Well-made for the genre--the excessive-skin-displayed-before-gruesome-bloody-torture-begins genre--Hostel follows two randy Americans (Jay Hernandez, Friday Night Lights, and Derek Richardson, Dumb and Dumberer: When Harry Met Lloyd) and an even randier Icelander (Eythor Gudjonsson) as they trek to Slovakia, where they're told beautiful girls will have sex with anyone with an American accent. Unfortunately, the girls will also sell young Americans to a company that offers victims to anyone who will pay to torture and murder. To his credit, writer/director Eli Roth (Cabin Fever) takes his time setting things up, laying a realistic foundation that makes the inevitable spilling of much blood all the more gruesome. The sardonic joke, of course, is that Americans are worth the most in this brothel of blood because everyone else in the world wants to take revenge upon them. This dark humor and political subtext help set Hostel above its more brainless sadistic compatriots, like House of Wax or The Devil's Rejects. In general, though, there's something lacking; horror used to suggest some threat to the spirit--today's horror can conceive of nothing more troubling than torturing the flesh. For aficionados, Hostel features a nice cameo by Takashi Miike, director of bloody Japanese flicks like Audition and Ichi the Killer. - Bret Fetzer
The inevitable sequel to one of the decadeís most intriguing and well-made horror films, Hostel Part II, as the title implies, picks up pretty much where the last film left off. And it doesnít take too long for the sequel to find the same groove that earned its predecessor so much attention. The setting is once again an underground club, where people bid for the right to torture residents at the hostel of the title. Hostel Part II, however, lets us see events from the other perspective too, as we meet the wealthy businessmen who are availing themselves of the clubís services. Itís a logical dynamic for the movie, and it does bring a fresh perspective to a film that does eventually settle down to a cavalcade of gore and shock. As a director, Eli Roth has clearly improved since last time around, even if this time he too often succumbs to the temptation to show rather than imply, and Hostel Part II as a result feels a little less fresh and more uncomfortable than its predecessor. Yet itís most certainly an unsettling piece of cinema, and one likely to find favour with Rothís increasing fanbase. A word of warning, though. Hostel Part II isnít shy about pulling its punches, and it very much justifies its 18 certificate. Itís also a cut above many of its modern day contemporaries in the genre, even though it fails to measure up to part one. - Jon Foster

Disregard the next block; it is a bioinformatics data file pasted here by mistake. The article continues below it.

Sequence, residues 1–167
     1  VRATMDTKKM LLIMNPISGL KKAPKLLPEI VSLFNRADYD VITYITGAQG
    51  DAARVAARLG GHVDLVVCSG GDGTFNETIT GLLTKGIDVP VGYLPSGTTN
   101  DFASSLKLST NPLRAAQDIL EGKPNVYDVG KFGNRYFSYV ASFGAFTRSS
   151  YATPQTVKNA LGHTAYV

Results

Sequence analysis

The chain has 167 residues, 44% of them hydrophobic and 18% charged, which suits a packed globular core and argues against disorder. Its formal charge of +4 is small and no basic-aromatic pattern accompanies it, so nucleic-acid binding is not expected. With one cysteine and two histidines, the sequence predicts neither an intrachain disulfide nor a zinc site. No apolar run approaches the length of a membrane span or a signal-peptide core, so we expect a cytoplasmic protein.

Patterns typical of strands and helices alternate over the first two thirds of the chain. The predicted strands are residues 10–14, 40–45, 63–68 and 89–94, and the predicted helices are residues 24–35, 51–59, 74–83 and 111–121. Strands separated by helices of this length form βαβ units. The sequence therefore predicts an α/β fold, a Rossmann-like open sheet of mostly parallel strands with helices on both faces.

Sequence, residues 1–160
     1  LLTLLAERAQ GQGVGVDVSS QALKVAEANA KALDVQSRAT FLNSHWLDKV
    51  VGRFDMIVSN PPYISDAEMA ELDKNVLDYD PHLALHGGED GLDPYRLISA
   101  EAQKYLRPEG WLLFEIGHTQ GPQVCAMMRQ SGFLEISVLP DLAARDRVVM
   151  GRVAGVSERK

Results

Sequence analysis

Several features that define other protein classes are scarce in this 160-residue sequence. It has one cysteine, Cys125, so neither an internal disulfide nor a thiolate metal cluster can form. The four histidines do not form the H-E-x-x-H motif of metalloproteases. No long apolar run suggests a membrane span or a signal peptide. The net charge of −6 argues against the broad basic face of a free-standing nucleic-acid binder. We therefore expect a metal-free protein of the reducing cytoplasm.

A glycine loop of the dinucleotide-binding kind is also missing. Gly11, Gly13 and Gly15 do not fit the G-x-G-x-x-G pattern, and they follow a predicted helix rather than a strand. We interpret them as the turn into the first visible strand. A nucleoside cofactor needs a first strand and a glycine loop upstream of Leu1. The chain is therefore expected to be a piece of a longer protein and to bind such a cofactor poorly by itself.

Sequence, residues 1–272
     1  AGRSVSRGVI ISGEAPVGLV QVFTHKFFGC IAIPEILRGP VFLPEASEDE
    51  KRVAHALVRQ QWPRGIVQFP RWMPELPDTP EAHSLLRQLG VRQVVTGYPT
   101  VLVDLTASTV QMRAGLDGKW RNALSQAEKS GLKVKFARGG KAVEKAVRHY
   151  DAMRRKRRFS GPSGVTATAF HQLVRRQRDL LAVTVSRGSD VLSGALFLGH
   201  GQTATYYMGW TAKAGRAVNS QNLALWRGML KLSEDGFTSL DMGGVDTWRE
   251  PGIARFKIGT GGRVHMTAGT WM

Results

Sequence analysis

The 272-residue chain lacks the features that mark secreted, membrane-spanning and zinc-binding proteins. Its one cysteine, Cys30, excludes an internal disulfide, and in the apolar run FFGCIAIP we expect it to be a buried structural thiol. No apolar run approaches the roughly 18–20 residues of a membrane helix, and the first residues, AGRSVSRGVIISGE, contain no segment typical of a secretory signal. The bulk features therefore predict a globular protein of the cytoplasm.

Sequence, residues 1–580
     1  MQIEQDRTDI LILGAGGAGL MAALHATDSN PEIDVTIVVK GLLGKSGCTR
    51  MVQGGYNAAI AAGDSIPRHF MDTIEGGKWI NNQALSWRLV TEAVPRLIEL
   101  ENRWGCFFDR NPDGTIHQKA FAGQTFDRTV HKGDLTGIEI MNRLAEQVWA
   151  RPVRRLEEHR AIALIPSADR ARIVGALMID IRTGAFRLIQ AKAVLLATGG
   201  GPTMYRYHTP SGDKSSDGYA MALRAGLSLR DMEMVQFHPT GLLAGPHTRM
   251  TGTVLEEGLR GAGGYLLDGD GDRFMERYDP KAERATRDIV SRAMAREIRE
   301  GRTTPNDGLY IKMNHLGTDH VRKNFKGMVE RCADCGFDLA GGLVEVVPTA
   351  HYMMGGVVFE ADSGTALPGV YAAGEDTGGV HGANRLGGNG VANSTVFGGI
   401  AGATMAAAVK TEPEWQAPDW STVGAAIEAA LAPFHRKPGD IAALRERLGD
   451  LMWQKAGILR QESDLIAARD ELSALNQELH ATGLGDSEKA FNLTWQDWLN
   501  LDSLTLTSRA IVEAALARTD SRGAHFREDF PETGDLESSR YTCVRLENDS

A major British hit, a lorryload of laughs and some sparkling action? Weíll have some of that. Itís fair to say that Hot Fuzz proves that Simon Pegg and Edgar Wrightís brilliant Shaun Of The Dead was no one-off, serving up a superbly crafted British homage to the Hollywood action movie. Deliberately set in the midst of a sleepy, quaint English village of Sandford, Peggís Nicholas Angel is sent there because, bluntly, heís too good at his job, and heís making his city colleagues look bad. The proverbial fish out of water, Angel soon discovers that not everything in Sandford is quite as it seems, and joins forces with Nick Frostís lumbering Danny Butterman to find out whatís what. Hot Fuzz then proceeds to have a rollicking good time in both tipping its hat to the genre films that are clearly its loving inspiration, and coming up with a few tricks of its own. It does comedy better than action, with plenty of genuine laugh-out-loud moments, but itís no slouch either when the tempo needs raising. One of the many strong cards it plays is its terrific cast, which includes former 007 Timothy Dalton, Bill Nighy, Bill Bailey, Paddy Considine, Edward Woodward and Jim Broadbent. Hot Fuzz, ultimately, just falls short of Shaun Of The Dead, but more than does enough to warrant many, many repeat viewings. Itís terrific fun, and in the true hit action movie style, all-but-demands some form of sequel. That said, with Pegg and Wright now with two excellent, and suitably different, genres ticked off, itíll be interesting to see what they do next. A period drama, perhapsÖ? - Simon Brew.